Venezuela has the world’s largest proven oil reserves, but that might not stop it from defaulting on its debt. The Financial Times reports that the Bolivarian Republic is in trouble with its creditors:
Until recently, bond investors drew comfort from Venezuela’s $85bn annual oil exports. But confidence was shaken this week as yields on short-dated bonds issued by PDVSA, the state owned oil company, shot above 25 per cent. Venezuelan credit default swaps also rose to levels comparable to Argentina, even though Buenos Aires is already in default after it refused to comply with a controversial US legal ruling ordering it to pay holdout creditors. [….]Venezuela’s public finances certainly look tight. Despite $21bn of reserves, less than $3bn of these are liquid. The government also has about $9bn in obscure off-budget funds, plus eventual proceeds from Citgo’s sale.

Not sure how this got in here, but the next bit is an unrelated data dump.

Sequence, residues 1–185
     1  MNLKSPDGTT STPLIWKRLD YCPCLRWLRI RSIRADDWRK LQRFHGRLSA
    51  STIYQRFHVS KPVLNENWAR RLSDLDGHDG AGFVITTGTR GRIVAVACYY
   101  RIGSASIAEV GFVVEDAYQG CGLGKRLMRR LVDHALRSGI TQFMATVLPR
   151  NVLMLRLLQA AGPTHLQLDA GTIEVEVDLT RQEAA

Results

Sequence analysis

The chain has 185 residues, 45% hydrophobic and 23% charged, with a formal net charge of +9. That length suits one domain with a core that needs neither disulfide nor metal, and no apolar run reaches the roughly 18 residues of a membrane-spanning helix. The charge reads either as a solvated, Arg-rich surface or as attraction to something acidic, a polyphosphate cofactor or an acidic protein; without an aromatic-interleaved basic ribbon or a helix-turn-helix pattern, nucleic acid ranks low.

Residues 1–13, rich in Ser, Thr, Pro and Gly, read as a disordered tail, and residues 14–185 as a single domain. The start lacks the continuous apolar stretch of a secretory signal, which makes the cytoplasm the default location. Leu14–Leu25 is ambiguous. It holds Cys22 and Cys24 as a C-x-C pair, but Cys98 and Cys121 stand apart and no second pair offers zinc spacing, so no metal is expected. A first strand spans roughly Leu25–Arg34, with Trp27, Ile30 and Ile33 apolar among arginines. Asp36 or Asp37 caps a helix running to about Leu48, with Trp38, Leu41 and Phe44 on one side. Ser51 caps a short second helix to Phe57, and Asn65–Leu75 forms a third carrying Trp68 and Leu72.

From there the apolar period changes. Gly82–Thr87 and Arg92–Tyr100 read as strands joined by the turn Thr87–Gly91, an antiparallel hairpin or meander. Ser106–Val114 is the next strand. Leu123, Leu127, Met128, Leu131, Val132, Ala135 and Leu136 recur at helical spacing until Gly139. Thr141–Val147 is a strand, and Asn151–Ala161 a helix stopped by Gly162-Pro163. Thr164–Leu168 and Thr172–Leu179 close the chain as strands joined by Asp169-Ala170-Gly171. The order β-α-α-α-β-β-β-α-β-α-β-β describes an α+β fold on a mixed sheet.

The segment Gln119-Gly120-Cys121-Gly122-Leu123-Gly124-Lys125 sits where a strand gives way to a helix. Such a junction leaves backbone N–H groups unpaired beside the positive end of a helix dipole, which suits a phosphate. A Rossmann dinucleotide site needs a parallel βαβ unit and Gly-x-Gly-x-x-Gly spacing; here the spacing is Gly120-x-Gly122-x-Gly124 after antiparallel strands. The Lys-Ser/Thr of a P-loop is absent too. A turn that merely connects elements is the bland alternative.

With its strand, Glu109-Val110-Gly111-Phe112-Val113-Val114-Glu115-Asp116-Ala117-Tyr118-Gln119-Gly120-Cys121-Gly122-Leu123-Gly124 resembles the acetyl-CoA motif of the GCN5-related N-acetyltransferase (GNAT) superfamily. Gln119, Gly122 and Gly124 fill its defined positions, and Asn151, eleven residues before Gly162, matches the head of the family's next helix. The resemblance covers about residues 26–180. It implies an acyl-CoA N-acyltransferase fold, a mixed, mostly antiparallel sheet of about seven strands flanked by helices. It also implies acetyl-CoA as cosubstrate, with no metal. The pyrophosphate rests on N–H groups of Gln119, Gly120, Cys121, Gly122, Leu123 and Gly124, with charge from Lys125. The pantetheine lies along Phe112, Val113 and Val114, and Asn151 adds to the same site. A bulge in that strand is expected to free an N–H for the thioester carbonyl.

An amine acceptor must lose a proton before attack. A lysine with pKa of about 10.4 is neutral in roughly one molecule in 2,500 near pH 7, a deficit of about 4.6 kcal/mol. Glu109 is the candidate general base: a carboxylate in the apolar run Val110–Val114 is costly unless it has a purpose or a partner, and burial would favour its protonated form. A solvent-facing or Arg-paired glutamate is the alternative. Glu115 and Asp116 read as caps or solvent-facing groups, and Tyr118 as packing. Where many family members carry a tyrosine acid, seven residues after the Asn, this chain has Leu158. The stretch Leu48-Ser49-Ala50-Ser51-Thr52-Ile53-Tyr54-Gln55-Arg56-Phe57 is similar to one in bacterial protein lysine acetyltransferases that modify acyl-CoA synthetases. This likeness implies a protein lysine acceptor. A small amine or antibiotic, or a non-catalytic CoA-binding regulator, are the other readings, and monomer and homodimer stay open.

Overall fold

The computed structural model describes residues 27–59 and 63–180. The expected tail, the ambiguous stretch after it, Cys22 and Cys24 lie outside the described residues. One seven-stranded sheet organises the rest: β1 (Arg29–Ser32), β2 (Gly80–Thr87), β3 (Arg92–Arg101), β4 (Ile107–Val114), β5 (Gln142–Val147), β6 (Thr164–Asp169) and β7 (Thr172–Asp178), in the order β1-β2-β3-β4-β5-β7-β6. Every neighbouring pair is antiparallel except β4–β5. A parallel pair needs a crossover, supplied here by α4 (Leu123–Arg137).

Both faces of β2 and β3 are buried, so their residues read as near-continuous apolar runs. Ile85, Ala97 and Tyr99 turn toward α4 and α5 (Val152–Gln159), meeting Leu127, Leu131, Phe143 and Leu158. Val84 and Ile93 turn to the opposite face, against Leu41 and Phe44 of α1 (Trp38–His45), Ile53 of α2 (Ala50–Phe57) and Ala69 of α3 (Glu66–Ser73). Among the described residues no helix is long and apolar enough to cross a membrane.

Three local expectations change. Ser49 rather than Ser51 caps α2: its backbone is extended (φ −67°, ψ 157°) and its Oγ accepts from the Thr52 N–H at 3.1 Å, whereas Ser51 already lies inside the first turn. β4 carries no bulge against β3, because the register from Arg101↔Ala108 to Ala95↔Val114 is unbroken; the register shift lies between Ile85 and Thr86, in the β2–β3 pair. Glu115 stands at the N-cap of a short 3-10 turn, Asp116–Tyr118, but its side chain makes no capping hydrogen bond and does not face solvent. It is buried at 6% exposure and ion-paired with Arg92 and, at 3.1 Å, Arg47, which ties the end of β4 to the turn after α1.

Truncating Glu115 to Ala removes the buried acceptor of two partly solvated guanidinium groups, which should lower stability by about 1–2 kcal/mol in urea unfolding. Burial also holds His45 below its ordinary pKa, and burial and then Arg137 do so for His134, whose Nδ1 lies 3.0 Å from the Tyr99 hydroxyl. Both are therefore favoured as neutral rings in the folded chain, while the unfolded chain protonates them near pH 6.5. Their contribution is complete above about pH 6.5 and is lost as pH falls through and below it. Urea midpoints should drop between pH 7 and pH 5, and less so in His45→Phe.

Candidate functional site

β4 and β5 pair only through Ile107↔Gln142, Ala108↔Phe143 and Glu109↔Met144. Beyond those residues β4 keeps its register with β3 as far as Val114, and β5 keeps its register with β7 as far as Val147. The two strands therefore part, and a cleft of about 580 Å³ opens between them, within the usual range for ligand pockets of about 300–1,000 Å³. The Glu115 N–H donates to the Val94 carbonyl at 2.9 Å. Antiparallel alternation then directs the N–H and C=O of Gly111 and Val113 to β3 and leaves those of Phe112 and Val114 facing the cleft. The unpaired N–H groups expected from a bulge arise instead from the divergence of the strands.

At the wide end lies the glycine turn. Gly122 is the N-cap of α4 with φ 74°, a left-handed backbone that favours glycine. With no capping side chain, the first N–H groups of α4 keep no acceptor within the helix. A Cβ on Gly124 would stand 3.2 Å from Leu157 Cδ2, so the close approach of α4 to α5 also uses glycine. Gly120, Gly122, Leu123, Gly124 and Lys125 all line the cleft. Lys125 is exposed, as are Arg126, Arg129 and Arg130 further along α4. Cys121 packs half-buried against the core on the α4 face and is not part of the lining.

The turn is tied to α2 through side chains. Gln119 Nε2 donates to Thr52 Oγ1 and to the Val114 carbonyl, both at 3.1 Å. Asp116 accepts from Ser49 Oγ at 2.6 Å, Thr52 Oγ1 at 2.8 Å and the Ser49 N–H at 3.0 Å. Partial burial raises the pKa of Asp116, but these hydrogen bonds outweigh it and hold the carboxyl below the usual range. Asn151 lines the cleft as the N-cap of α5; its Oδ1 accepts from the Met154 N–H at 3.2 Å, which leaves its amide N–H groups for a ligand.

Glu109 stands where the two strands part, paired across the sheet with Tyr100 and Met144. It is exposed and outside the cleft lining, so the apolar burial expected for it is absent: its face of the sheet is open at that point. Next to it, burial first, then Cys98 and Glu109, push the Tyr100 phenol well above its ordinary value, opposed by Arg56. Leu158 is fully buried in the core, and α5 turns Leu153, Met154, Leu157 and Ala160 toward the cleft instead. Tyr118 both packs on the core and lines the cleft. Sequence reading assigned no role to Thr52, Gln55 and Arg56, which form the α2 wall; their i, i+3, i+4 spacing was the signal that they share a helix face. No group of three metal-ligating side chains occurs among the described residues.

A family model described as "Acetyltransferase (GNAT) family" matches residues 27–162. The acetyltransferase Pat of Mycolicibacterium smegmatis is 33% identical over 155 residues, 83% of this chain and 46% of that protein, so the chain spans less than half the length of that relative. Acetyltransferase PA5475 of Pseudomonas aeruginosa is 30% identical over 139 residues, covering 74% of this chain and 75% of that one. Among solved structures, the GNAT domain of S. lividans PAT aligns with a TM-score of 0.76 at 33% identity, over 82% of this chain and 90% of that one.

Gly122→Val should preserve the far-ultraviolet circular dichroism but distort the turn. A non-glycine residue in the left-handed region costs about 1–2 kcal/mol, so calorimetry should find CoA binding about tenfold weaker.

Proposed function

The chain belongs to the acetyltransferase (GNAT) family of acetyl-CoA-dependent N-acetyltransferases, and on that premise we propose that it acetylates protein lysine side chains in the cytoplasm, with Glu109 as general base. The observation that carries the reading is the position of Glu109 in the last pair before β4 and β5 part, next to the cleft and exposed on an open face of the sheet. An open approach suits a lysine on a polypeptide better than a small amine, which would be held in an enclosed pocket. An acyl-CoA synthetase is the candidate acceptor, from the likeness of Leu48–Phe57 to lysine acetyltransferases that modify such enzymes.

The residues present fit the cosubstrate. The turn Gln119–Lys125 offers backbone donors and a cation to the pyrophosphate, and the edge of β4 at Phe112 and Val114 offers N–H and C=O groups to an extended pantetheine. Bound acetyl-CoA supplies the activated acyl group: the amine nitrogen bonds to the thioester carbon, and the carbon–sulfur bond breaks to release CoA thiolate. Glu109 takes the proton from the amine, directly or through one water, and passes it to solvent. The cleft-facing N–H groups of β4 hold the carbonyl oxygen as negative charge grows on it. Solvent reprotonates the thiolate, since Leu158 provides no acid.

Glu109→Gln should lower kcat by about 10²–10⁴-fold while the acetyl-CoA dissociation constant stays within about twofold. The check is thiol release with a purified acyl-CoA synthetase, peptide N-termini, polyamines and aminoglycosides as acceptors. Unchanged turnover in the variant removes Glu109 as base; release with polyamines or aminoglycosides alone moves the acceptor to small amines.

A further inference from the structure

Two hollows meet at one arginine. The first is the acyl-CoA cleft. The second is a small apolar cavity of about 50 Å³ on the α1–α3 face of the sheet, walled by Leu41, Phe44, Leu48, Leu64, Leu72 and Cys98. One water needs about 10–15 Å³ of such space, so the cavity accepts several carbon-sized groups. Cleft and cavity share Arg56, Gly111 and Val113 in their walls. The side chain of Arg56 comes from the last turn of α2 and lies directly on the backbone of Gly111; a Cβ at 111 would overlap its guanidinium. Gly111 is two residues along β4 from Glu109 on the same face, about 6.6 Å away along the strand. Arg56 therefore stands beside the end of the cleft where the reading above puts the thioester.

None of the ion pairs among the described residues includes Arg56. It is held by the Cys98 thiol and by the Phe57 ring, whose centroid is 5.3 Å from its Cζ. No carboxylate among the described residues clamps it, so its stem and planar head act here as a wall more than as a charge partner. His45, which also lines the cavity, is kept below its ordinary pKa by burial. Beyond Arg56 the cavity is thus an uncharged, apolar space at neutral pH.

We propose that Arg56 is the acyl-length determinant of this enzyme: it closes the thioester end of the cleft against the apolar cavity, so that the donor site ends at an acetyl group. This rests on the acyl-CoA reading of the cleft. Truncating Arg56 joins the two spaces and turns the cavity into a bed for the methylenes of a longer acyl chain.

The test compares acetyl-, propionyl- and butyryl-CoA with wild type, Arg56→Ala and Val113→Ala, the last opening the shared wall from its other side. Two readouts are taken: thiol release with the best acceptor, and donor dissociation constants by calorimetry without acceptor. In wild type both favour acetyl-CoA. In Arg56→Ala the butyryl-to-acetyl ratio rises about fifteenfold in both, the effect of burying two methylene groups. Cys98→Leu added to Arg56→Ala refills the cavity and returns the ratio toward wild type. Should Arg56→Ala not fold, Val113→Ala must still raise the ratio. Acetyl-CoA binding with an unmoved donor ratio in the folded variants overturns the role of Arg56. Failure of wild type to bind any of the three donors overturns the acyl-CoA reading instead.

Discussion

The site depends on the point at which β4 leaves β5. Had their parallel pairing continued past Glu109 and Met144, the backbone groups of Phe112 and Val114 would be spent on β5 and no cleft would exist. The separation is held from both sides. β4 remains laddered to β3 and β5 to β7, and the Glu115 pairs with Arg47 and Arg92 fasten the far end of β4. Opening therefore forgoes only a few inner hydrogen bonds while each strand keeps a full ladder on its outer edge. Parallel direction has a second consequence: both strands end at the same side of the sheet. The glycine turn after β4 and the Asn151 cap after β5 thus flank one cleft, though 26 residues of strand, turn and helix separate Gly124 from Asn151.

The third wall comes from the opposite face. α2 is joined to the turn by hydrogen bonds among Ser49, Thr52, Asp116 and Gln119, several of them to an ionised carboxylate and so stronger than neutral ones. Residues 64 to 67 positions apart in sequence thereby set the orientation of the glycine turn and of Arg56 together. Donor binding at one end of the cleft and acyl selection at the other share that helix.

If Venezuela defaults, it will join Argentina in the most recent round of Latin American fiscal delinquency. These countries are, by natural endowments, two of the richest countries in the world. They have both tried to blaze a trail for “alternative models” and they have both denounced capitalism as a failed system.Somehow we don’t think that what Simon Bolivar had in mind for Latin American was a future of bankruptcy and toilet paper shortages, but that is what the so-called “Bolivarian Revolution” seems to be best at producing.